Run the following commands to test our image.

$ node -e 'console.log("hello from inside our container")'
hello from inside our container

If all goes well, we have a working development image. We can now do everything that we would do in our normal bash terminal.

If you run the above Docker command inside of the notes-service directory, then you will have access to the code inside of the container. You can start the notes-service by simply navigating to the /code directory and running npm run start.

Step 4: Use Compose to Develop locally

The notes-service project uses MongoDB as its data store. If you remember from Part I, we had to start the Mongo container manually and connect it to the same network as our notes-service. We also had to create a couple of volumes so we could persist our data across restarts of our application and MongoDB.

Instead, we’ll create a Compose file to start our notes-service and the MongoDb with one command. We’ll also set up the Compose file to start the notes-service in debug mode. This way, we can connect a debugger to the running node process.

Open the notes-service in your favorite IDE or text editor and create a new file named Copy and paste the below commands into the file.

     context: .
     - 8080:8080
     - 9229:9229
     - SERVER_PORT=8080
     - DATABASE_CONNECTIONSTRING=mongodb://mongo:27017/notes
     - ./:/code
   command: npm run debug
   image: mongo:4.2.8
     - 27017:27017
     - mongodb:/data/db
     - mongodb_config:/data/configdb

This compose file is super convenient because now we don’t have to type all the parameters to pass to the `docker run` command. We can declaratively do that in the compose file.

We are exposing port 9229 so that we can attach a debugger. We are also mapping our local source code into the running container so that we can make changes in our text editor and have those changes picked up in the container.

One other really cool feature of using the compose file is that we have service resolution setup to use the service names. As a result, we are now able to use “mongo” in our connection string. We use “mongo” because that is what we have named our mongo service in the compose file.

Let’s start our application and confirm that it is running properly.

$ docker compose -f up --build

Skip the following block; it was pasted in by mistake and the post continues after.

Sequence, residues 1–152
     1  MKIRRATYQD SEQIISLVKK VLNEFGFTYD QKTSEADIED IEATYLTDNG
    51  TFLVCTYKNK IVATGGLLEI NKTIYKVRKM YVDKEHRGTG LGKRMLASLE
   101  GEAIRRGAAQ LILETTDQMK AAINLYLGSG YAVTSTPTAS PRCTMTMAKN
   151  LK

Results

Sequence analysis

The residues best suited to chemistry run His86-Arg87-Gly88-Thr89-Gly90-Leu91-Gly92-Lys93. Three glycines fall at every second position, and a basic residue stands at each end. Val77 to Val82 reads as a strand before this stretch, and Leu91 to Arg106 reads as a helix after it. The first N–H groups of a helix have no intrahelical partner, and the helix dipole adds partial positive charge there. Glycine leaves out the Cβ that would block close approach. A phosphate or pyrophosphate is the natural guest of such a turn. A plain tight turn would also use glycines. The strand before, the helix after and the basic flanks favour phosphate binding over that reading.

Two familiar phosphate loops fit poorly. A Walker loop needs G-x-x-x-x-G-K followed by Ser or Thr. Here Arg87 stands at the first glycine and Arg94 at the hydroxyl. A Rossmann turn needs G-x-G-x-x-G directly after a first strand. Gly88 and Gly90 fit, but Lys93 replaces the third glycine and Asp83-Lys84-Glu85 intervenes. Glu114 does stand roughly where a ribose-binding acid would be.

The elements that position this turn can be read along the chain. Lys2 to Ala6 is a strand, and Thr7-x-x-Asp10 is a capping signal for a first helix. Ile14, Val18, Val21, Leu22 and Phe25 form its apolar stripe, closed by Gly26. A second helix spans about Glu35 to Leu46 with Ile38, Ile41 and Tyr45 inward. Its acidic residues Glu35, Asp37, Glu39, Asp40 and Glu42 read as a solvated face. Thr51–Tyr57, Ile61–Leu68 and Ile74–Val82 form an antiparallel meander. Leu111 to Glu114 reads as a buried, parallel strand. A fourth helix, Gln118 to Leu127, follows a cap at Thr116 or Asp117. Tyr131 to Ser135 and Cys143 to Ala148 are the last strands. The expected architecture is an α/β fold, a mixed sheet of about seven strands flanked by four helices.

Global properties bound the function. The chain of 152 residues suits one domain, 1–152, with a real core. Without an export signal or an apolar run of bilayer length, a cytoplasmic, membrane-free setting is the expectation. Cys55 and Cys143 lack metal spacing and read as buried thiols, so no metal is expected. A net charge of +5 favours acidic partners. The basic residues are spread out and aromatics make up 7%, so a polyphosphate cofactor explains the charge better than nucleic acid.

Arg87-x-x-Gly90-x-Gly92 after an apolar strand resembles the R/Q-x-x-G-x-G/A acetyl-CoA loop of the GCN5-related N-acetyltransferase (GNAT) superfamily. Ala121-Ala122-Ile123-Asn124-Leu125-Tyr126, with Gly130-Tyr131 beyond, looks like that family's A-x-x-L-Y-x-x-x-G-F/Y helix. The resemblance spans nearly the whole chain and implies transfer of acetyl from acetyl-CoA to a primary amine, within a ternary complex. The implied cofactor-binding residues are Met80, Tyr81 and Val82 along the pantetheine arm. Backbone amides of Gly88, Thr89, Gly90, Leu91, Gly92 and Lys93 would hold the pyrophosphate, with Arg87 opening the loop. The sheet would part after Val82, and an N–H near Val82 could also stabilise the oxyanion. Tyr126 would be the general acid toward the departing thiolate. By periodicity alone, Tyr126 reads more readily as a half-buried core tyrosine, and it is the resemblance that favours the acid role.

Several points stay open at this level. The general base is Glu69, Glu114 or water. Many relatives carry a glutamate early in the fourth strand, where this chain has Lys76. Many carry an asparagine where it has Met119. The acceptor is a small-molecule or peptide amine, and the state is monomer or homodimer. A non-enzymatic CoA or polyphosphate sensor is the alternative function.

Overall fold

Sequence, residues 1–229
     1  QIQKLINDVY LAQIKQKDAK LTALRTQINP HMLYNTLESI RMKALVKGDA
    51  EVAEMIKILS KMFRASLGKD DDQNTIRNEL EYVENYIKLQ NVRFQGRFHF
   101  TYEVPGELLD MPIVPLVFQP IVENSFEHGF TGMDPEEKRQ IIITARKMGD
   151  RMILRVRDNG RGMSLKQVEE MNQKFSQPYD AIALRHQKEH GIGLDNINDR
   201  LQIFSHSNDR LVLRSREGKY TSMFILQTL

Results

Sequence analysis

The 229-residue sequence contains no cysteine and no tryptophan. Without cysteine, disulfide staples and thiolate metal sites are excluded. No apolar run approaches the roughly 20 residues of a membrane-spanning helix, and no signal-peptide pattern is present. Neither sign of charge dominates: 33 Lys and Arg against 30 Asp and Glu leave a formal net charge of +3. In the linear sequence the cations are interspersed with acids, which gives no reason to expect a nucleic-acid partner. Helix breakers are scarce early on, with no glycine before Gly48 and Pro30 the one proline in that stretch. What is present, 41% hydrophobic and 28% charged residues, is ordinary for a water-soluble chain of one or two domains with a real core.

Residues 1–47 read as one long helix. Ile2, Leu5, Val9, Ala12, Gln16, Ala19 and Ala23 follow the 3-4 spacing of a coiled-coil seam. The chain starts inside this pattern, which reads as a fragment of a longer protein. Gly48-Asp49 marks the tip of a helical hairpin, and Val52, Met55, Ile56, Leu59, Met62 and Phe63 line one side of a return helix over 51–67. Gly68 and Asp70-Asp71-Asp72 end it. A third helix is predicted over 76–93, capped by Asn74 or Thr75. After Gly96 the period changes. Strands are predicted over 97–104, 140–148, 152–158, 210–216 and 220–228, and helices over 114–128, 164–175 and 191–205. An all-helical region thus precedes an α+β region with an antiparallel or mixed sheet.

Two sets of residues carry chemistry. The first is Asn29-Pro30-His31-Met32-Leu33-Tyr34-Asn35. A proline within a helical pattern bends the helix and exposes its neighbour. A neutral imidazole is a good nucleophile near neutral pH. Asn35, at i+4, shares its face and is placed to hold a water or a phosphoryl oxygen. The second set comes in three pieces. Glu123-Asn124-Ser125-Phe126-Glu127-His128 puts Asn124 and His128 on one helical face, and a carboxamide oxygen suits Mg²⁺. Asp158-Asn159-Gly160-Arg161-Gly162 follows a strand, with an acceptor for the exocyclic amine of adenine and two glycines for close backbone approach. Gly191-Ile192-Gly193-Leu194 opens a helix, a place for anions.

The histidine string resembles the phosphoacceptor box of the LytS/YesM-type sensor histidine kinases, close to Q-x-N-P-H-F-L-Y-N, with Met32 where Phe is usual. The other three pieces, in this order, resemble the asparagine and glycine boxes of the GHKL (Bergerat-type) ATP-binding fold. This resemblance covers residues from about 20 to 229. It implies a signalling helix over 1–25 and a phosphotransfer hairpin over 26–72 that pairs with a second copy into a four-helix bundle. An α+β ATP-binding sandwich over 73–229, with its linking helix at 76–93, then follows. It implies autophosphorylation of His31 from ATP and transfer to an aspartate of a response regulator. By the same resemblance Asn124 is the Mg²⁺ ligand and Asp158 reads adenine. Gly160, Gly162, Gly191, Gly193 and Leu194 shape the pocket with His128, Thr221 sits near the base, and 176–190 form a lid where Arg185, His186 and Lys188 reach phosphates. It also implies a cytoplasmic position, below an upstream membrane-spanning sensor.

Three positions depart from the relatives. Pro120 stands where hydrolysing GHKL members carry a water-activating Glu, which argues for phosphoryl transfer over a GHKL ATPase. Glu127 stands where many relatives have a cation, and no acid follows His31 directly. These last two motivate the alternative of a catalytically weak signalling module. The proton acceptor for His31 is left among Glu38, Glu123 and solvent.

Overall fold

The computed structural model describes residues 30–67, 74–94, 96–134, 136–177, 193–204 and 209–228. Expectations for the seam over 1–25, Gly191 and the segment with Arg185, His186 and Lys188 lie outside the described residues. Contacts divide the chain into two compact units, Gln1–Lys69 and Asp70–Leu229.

We pass the “–build” flag so Docker will compile our image and then start it.

If all goes well, you should see the logs from the notes and mongo services:

Docker compose terminal ouput showing logs from the notes and mongo services.
[Click to Enlarge]

Now let’s test our API endpoint. Run the following curl command:

$ curl --request GET --url http://localhost:8080/services/m/notes

You should receive the following response:


Step 5: Connect to a Debugger

We’ll use the debugger that comes with the Chrome browser. Open Chrome on your machine, and then type the following into the address bar.


The following screen will open.

The DevTools function on the Chrome browser, showing a list of devices and remote targets.

Click the “Open dedicated DevTools for Node” link. This will open the DevTools that are connected to the running Node.js process inside our container.

Let’s change the source code and then set a breakpoint. 

Add the following code to the server.js file on line 19 and save the file.

server.use( '/foo', (req, res) => {
   return res.json({ "foo": "bar" })

If you take a look at the terminal where our compose application is running, you’ll see that nodemon noticed the changes and reloaded our application.

Docker compose terminal output showcasing the nodemon-reloaded application.
[Click to Enlarge]

Navigate back to the Chrome DevTools and set a breakpoint on line 20. Then, run the following curl command to trigger the breakpoint.

$ curl --request GET --url http://localhost:8080/foo

💥 BOOM 💥 You should have seen the code break on line 20, and now you are able to use the debugger just like you would normally. You can inspect and watch variables, set conditional breakpoints, view stack traces, and a bunch of other stuff.


In this article, we completed the first steps in Dockerizing our local development environment for Node.js. Then, we took things a step further and created a general development image that can be used like our normal command line. We also set up our compose file to map our source code into the running container and exposed the debugging port.

For further reading and additional resources: